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How can I learn noun genders better?

A key thing I struggled with in German was the use of die, der and das. I vaguely understand that one means masculine, one means feminine and the other means else(?).

Do I need to learn which of these belongs to each noun individually? Or is there some kind of pattern that can help me use these correctly when saying things like:

the house
the car

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Keep in mind that this is only a grammatical gender. They could as well be named foo, bar and baz for all the connection they have with human genders. –  deceze Jun 16 '11 at 4:26
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The title is too vague, please edit to be more precise. –  adolf garlic Jun 16 '11 at 8:53
    
You should learn each Noun with its article and the audio memory is your friend. I am using iPhone application DieDerDas. Here is the lite online version –  Aleš Kotnik May 26 '12 at 18:54
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marked as duplicate by starblue, Takkat, Phira, RegDwight Jun 16 '11 at 11:41

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2 Answers

up vote 6 down vote accepted

Unfortunately you do pretty much have to learn them word by word. There are no 100% reliable rules but there are some useful rules of thumb that can help, for instance:

  • Some word patterns tend to have a predictable gender. For example, nouns derived from a verb and ending -ung tend to be feminine, such as die Erzählung or die Entschuldigung. But beware other -ung words like der Schwung.
  • Diminutives (ending -chen or -lein) are almost always neuter (das Mädchen, das Fräulein, etc.) even when (as in both of those cases) the meaning might lead us to expect a feminine noun.
  • Words adopted from other languages tend to adopt the gender of their native German synonym. So you sometimes see das Girl, the same neuter gender as das Mädchen. One of my favourites is Single: die Single is a 9" vinyl record (like die Platte), der Single is an unmarried man, and das Single is a singles match (e.g. in tennis, like das Spiel).

I'm sure other people can add other helpful guidelines below.

I always compare this to pronunciation in English. In German, pronunciation is phonetic and very preditable (e.g. -au- is always preferred the same way) whereas in English it's very unpredictable and has to be learnt word by word (cough, though, through, bought, etc.). The flip side is that in English we don't have grammatical gender and our word for 'the' is very simple (it's 'the' :), whereas in German the gender has to be learn by rote. You regularly hear small German children being corrected on their noun genders in just the same way English-speaking kids have their pronunciation corrected.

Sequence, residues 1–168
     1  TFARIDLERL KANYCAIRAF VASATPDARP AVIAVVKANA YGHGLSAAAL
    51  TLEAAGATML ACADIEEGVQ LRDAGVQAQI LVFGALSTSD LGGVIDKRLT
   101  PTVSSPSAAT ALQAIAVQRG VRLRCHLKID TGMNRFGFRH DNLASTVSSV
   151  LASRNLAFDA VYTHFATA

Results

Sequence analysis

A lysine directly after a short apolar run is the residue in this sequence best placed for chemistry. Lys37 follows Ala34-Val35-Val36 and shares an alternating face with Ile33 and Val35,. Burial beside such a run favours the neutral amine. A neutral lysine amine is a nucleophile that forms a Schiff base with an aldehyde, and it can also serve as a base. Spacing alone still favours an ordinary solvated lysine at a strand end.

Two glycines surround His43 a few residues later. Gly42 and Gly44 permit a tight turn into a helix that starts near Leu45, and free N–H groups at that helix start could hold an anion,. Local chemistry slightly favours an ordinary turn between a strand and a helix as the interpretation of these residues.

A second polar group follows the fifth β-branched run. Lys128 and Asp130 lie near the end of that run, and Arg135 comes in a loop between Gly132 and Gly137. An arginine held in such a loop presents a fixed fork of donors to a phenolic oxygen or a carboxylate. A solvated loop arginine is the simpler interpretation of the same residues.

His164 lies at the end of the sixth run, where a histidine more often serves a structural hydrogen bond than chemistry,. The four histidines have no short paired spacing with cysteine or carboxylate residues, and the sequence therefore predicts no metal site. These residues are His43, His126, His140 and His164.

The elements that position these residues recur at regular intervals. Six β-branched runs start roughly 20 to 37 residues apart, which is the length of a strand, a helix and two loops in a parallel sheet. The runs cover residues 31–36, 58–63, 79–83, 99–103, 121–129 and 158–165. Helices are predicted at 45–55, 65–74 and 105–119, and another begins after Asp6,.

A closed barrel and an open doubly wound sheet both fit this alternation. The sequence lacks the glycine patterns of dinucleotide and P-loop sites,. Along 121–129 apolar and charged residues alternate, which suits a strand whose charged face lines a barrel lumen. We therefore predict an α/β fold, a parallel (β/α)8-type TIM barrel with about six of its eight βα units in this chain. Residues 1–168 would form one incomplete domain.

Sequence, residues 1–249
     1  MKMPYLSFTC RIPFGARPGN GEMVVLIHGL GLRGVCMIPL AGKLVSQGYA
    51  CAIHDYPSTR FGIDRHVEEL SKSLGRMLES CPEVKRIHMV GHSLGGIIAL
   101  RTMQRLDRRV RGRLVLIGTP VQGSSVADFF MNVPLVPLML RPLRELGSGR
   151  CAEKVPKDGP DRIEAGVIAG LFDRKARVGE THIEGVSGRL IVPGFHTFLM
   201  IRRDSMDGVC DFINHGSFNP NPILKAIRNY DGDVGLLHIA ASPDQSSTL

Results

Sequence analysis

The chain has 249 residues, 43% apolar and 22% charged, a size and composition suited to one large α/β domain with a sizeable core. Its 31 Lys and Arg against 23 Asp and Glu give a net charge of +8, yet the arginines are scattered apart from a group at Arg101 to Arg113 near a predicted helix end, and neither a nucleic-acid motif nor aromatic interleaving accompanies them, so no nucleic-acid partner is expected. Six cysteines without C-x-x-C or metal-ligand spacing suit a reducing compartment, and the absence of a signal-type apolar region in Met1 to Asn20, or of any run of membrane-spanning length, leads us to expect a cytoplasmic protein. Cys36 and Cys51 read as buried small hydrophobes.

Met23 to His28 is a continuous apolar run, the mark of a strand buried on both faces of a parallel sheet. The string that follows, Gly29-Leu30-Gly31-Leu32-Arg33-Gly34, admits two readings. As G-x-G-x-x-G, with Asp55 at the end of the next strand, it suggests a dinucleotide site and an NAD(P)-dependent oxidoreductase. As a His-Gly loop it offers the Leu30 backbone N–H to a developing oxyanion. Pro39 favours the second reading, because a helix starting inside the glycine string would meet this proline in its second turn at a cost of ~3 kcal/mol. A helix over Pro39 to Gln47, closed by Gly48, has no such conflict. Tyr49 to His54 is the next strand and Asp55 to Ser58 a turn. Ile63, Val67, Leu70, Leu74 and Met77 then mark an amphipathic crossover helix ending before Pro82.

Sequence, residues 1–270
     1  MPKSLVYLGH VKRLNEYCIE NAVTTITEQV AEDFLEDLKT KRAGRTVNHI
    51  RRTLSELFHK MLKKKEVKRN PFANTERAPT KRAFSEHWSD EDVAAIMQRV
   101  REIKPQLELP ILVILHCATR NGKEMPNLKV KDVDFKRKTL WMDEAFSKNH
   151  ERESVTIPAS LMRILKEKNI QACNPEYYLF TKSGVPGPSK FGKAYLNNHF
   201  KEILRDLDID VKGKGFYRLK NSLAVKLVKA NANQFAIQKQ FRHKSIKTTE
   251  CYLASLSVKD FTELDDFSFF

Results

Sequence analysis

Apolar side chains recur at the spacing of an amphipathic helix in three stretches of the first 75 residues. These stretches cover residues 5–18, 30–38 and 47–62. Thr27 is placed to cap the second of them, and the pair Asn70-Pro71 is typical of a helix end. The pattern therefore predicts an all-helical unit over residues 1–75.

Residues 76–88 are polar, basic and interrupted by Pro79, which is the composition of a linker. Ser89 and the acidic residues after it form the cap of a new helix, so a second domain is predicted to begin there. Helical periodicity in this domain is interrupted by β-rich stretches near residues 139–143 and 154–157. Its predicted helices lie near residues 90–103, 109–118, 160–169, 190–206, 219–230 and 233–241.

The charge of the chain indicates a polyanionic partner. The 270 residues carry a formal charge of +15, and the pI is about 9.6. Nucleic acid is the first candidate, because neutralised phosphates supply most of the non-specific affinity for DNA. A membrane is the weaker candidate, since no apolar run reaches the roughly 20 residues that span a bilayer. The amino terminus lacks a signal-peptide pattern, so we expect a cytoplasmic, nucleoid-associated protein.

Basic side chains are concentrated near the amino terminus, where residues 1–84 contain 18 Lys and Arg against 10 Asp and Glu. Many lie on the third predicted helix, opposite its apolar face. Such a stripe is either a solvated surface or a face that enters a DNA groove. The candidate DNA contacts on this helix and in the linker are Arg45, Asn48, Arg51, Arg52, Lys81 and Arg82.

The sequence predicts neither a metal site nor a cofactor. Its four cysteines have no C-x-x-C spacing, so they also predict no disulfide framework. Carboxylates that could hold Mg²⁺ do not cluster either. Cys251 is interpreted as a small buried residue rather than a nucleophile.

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Der, die, das are definite articles. You decide which you have to use depending on the gender of the noun. In the German language there are three genders:

  1. masculine -> der
  2. feminine -> die
  3. neutral -> das

For some nouns it is obvious which gender they are:

  • die Frau - the woman
  • der Mann - the man
  • das Auto, das Haus - the car, the house

But other times it is not so obvious:

  • das Mädchen - the girl
  • der Tisch - the table
  • die Tasche - the bag

So you have almost no other choice but to learn the gender of the noun along with the noun.

There is some more discussion about this topic in this question.

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Learning each noun along with its gender seems like the only strategy.. That's a shame. Thanks for your answer. –  Marty Jun 16 '11 at 4:17
    
It's not completely random, and native German speakers have a quite good sense what the gender of a word is, even if they haven't heard the word before. However this doesn't always work and it seems also not trivial to express this intuition as a set of rules. –  user12889 Jun 16 '11 at 4:27
    
As a native German speaker, I cannot remember that I ever had to learn a set of rules to determine the gender of a noun. I learn more about the German language now, that I observe others that learn it. I did not want to give @Marty a false sense of hope by pretending that there is a concise set of rules ;-). And after all, learning the gender of a noun is not that bad... der Leiter, die Leiter, der Rost, das Rost... I have great respect for people who choose to learn German. –  bjoernz Jun 16 '11 at 4:54
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Why is it obious that Auto and Haus are neutral? I think it is not. You just have to learn it. –  bernd_k Jun 16 '11 at 5:28
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I think it's "obvious" because they are things and things are supposed to be neutral. In any case, because there are so many exceptions you could argue that no gender is obvious. –  musiKk Jun 16 '11 at 6:54
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